City student, faculty among plaintiffs suing SDCCD over COVID-19 requirements

Lawsuit alleges SDCCD’s requirements violate civil rights and amount to religious discrimination


As the Omicron variant of COVID-19 spread throughout the region in January 2022, the San Diego Community College District instituted stricter vaccine requirements and delayed the return to campus for the spring semester. Photo by Kathy Archibald/City Times Media

Jakob McWhinney, Managing Editor

A San Diego City College faculty member and an alum are among a group of employees and students suing three Southern California community college districts alleging the district’s COVID-19 vaccine, testing and masking requirements violated their civil rights.

It’s the latest legal challenge to such requirements to spring up in recent months. And it highlights the concerted, and increasingly organized opposition to the measures, particularly on the political right.

As City Times previously reported, the San Diego Community College District announced it was altering its COVID-19 vaccination requirements in January to limit in-person instruction “primarily to students who have been fully vaccinated.”

The Grossmont-Cuyamaca Community College District, also named in the lawsuit, has similar vaccination policies, while the third district, South Orange Community College District, allows for unvaccinated students to submit to biweekly testing to be eligible for in-person instruction.

The lawsuit argues the districts lacked the authority to institute COVID-19 vaccination, testing or masking requirements.

Additionally, the lawsuit states that because individuals with religious exemptions were required to be tested twice a week the districts had “engaged in discrimination of plaintiffs, on the basis of religion.” It also called the biweekly testing and required masking “coercive.”

“Because of deeply held religious beliefs or medical conditions,” the lawsuit reads, plaintiffs are “unable or unwilling to get the COVID-19 vaccine.”

In a statement emailed to City Times, Jack Beresford, SDCCD’s director of communications and public relations, wrote the district continues to follow federal, state and local public health agencies’ guidelines and requirements.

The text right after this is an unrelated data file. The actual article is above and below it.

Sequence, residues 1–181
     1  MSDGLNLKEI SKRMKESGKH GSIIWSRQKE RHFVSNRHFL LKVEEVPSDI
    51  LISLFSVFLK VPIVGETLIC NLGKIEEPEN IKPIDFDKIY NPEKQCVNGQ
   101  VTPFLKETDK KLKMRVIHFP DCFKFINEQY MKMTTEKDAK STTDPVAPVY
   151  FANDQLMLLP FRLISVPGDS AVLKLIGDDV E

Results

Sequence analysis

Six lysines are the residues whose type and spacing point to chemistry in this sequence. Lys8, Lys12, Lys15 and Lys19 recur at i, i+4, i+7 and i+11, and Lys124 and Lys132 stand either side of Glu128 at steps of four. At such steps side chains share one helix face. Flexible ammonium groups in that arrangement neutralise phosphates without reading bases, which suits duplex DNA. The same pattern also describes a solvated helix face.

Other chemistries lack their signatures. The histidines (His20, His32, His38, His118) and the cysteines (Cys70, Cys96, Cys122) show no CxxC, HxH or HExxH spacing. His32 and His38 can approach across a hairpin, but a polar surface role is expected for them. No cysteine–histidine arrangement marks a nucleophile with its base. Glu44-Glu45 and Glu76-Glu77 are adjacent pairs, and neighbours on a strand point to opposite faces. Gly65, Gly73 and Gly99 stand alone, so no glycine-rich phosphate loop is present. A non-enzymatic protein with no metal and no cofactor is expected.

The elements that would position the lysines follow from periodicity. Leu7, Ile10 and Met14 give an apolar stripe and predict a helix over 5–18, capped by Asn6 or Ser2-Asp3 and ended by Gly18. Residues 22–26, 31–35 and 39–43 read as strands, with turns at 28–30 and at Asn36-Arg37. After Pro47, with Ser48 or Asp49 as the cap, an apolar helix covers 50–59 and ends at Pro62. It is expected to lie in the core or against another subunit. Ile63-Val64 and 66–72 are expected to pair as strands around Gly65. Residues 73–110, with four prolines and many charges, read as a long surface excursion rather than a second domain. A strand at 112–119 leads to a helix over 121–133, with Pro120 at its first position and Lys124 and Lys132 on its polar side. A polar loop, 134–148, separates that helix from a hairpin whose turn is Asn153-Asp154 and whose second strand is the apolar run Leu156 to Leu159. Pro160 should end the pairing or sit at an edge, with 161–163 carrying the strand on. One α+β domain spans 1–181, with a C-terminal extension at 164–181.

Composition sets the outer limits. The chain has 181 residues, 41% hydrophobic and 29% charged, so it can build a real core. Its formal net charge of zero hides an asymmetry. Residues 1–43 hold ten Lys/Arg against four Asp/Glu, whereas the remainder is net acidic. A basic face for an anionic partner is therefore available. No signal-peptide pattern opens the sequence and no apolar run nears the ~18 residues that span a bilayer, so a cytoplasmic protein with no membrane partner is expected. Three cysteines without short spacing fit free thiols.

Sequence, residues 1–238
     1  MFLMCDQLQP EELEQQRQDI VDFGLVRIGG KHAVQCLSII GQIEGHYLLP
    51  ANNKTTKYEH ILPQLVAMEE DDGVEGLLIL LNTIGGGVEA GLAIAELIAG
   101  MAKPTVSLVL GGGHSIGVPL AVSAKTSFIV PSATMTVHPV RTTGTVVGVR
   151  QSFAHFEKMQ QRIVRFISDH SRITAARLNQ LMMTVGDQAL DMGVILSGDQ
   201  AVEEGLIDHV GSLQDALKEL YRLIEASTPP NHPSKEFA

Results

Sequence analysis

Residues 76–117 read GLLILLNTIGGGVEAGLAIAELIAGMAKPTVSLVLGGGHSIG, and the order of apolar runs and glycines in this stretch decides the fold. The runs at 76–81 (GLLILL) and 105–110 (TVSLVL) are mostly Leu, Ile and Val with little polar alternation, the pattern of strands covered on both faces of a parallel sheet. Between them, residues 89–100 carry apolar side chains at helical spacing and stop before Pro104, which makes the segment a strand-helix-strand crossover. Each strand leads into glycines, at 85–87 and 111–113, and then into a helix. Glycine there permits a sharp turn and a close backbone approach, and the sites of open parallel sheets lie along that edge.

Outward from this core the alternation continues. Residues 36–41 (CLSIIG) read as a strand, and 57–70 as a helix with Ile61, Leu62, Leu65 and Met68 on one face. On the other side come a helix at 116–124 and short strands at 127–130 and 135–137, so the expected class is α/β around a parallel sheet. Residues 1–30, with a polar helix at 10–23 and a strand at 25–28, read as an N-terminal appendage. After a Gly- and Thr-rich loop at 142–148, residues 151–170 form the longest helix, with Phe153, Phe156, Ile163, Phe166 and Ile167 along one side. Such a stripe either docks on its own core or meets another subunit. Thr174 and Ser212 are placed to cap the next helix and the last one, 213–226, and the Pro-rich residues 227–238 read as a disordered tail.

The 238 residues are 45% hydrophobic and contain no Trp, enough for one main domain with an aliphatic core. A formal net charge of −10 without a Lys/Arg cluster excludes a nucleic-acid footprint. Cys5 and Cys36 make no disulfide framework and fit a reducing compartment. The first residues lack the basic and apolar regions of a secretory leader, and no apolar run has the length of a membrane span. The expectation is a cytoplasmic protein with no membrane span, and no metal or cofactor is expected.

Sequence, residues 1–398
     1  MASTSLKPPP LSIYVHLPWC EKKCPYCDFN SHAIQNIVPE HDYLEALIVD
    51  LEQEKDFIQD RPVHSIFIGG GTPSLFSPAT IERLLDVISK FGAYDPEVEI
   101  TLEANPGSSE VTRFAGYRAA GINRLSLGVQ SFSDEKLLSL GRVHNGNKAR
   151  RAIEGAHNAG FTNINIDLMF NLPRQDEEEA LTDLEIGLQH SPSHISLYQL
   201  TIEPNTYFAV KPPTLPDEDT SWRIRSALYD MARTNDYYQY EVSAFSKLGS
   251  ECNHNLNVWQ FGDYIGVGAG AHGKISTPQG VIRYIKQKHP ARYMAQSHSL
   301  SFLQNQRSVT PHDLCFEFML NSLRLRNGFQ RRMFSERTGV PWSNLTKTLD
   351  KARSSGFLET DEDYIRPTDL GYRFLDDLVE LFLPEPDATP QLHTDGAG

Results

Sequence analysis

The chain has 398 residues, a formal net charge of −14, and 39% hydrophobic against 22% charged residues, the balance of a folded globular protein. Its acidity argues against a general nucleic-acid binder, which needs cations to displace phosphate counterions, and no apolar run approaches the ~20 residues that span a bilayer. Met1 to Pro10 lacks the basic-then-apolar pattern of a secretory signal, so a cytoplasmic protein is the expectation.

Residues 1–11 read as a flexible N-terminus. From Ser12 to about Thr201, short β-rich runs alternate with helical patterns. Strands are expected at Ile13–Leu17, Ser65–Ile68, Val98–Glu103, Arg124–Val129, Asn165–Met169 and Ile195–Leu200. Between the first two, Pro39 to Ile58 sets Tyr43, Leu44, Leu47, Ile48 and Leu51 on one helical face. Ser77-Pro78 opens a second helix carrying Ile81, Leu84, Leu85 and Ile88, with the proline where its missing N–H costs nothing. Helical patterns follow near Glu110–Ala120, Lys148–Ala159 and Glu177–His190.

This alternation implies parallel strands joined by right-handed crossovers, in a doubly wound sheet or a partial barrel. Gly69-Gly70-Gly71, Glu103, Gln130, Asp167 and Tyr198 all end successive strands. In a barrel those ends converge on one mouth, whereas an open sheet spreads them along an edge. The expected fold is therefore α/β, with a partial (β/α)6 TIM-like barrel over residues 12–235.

“The District remains committed to providing safe and healthy classrooms, services, and work spaces,” Beresford wrote, “while respecting the legal rights and personal choices of all students, employees, and community members.”

The lawsuit was filed March 30 by attorney Gary Kreep in the Southern District of California, and is connected to a web of Kreep-affiliated organizations including United for Civil Rights, and the California Constitutional Rights Foundation.

The groups, which themselves are not nonprofits, are soliciting donations that are funneled through an Alexandria, Virginia nonprofit called the Faith and Freedom Foundation

Kreep played an active role in the anti-Barack Obama birther movement of the late-aughts, and won election to a San Diego Superior Court judgeship in 2012. But in 2018 he was resoundingly defeated for reelection thanks, in part, to a “severe public censure” from California’s judicial watchdog group for a range of misconduct.

When asked by email for an interview, one of the plaintiffs, City student services faculty and SDCCD’s current Acting Director for Admissions and Records Dora Meza responded that she had referred the request to her attorney for review. 

But Meza, and another of the plaintiffs – City student Mary Kate Planeta – spoke with San Diego-based far-right news outlet OAN earlier this week

During the interview, OAN host Dan Ball referred to the COVID-19 pandemic as a “plandemic” and called the vaccine an “experimental shot.” Ball has previously made headlines for his conspiratorial rhetoric surrounding vaccines and the COVID-19 pandemic, like when he said on his show that politicians who endorsed COVID-19 mitigation measures “have a little bit of Hitler in them.” 

Planeta, who was granted a religious exemption from SDCCD’s vaccine requirement for the fall 2021 semester, had it revoked when the district changed its policies in January. She said she was then dropped from her in-person classes and that City had not made accommodations for her to take online courses. She estimated this had put her educational plan back a full year.

In the interview, Meza said SDCCD had decided it was “their way or the highway.”

“They imposed the restrictions and notified students and faculty and staff that unless you were vaccinated there would be no place for you within our district, which is completely opposite of the mission of a community college,” Meza said.

But according to documents included in the filing, Meza’s request for a religious exemption to SDCCD’s vaccine requirement was ultimately approved on appeal in Nov. 2021 with the stipulations she wear a mask at all times, test weekly, and seek to maintain social distancing.  

Just one month later, according to emails in the filing, Meza contracted COVID-19.